Sitting Down at the Table

Following is the process I used to introduce my long-time players to an entirely new system. While I will provide specific examples of how I introduced my players to Deadlands classic, you can easily extrapolate my process for your own game when you are challenged with introducing players to an entirely new game system. I hope you find my process useful…or at least entertaining.

I broke my game system introduction down into four distinct encounters where I introduced my players to more and more complex game play rules while also setting the game’s tone, introducing the setting and NPCs, and setting up the stories I would tell. Each encounter built upon the previous one, introducing the players to the game system in a way that allowed them to digest each aspect before we moved on to the next part.

Ante-Up

I used the first encounter to define the tone of the game, introduce the characters to each other, and introduce the players to the basics of the Deadlands rule system.

The characters were traveling, each separately, to the town of Redemption, in Colorado territory, in early July of 1876. Some distance from town, they all bedded down for the night. Each in turn was visited by a strange dream of being accosted in their bedrolls and knocked unconscious. They awoke some time later, each of them sitting on a horse with burlap sacks over their heads and their hands bound behind them. The itch of rope scraped at their necks. Then they heard a creaky voice, “Hang ‘em high, boys!” The horses were pulled out from beneath them and they started dangling by their necks.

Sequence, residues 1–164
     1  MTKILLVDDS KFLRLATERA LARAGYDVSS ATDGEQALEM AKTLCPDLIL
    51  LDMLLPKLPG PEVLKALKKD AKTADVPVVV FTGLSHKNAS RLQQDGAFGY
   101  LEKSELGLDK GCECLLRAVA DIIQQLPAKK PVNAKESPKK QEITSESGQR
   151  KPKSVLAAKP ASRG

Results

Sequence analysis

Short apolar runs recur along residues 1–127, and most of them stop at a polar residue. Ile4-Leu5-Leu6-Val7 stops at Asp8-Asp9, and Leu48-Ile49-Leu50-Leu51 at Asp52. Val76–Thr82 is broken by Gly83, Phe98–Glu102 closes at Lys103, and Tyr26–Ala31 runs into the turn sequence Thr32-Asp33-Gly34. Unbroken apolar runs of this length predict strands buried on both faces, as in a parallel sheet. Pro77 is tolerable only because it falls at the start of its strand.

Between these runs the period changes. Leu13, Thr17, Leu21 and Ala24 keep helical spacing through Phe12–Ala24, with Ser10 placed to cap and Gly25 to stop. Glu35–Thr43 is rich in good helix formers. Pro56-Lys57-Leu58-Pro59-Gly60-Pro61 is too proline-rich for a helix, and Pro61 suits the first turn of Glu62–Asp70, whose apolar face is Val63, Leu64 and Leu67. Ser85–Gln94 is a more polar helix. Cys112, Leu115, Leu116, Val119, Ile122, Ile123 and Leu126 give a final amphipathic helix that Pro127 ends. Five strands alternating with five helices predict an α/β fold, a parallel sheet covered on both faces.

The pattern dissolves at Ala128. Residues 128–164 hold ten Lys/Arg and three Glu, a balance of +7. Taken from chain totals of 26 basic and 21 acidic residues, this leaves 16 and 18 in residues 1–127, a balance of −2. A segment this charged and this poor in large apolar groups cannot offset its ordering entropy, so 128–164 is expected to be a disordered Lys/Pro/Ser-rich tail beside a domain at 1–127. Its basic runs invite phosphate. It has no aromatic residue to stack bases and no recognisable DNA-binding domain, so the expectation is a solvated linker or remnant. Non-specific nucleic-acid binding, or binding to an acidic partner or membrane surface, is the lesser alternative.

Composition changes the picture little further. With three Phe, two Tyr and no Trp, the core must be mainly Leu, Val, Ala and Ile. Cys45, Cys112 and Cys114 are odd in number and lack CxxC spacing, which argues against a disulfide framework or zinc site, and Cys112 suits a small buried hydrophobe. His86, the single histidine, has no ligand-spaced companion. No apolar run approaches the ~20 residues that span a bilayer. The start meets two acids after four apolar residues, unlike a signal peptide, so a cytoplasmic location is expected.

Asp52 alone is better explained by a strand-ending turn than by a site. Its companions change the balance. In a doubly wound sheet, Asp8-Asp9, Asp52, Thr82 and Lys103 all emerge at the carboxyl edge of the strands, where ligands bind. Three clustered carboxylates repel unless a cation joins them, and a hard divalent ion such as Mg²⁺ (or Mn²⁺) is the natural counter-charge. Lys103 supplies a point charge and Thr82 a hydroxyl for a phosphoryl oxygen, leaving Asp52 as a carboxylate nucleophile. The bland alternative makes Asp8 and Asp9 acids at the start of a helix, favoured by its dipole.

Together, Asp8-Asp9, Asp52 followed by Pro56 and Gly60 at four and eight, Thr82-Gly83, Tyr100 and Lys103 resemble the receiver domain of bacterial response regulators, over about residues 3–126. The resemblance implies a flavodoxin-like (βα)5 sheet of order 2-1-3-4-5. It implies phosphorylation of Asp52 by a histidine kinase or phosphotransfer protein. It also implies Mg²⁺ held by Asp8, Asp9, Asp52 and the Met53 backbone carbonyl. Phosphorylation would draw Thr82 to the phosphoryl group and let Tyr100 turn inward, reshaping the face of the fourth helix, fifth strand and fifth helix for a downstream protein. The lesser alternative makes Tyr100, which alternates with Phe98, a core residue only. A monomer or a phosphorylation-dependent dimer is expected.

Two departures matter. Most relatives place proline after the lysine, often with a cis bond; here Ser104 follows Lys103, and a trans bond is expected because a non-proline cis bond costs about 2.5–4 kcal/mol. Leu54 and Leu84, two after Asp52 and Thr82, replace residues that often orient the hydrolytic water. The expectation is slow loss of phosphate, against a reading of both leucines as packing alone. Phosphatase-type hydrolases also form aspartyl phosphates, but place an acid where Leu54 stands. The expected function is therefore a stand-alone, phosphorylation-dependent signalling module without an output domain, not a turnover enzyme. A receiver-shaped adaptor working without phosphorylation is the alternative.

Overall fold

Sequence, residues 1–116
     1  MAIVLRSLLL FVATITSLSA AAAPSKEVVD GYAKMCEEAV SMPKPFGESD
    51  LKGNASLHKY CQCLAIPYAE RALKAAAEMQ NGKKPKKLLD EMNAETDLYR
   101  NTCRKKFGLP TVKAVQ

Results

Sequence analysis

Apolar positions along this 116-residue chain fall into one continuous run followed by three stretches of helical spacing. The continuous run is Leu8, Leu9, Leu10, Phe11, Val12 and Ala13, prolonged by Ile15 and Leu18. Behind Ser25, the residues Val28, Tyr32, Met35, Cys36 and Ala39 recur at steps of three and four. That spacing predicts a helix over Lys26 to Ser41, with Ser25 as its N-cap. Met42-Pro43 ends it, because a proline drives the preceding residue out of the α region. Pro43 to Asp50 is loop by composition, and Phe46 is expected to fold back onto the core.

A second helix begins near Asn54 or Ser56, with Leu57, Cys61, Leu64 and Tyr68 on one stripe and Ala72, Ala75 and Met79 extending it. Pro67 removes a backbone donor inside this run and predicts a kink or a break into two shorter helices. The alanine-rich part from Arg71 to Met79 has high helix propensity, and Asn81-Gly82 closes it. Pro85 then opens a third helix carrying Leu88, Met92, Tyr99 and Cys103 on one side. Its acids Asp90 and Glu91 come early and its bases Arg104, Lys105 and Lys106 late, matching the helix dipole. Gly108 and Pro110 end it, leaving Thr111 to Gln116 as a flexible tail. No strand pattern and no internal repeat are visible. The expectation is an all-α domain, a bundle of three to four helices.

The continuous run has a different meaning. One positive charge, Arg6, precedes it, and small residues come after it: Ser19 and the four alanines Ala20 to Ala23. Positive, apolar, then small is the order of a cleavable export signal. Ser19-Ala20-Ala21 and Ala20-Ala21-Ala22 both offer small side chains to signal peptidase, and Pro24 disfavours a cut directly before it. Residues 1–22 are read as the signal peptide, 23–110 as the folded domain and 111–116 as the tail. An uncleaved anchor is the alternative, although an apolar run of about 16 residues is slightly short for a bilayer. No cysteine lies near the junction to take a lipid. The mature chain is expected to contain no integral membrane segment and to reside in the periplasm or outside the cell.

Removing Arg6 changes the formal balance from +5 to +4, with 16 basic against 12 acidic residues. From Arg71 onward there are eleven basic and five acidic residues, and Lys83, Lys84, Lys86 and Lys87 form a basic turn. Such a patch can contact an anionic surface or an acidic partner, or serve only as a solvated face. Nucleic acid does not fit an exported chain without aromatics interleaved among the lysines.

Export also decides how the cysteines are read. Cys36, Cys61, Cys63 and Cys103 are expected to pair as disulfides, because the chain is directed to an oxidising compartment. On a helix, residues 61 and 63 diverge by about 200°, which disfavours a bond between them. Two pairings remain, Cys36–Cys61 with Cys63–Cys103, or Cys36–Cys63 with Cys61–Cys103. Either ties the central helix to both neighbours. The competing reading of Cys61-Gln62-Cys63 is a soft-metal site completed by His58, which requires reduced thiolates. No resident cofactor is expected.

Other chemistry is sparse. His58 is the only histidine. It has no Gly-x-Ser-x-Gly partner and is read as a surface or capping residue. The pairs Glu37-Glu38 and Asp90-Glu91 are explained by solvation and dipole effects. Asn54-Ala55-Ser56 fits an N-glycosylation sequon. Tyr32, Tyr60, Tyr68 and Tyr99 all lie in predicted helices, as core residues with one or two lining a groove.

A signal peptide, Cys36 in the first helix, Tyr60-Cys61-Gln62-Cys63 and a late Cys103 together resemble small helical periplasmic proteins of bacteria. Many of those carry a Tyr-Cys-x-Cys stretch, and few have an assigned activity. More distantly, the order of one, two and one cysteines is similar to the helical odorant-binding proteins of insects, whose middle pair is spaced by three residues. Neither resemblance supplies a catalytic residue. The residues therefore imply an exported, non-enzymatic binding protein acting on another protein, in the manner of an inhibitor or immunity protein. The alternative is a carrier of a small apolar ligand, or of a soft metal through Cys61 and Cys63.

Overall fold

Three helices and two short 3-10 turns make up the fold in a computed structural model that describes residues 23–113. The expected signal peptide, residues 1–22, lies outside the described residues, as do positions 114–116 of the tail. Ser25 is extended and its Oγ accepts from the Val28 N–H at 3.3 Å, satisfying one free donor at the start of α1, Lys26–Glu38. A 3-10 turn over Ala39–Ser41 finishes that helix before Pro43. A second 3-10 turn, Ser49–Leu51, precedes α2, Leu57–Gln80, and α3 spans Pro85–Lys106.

We started our first combat encounter with everyone rolling Quickness and drawing cards to determine initiative for their actions. This introduced the card-draw system that defines action order in Deadlands.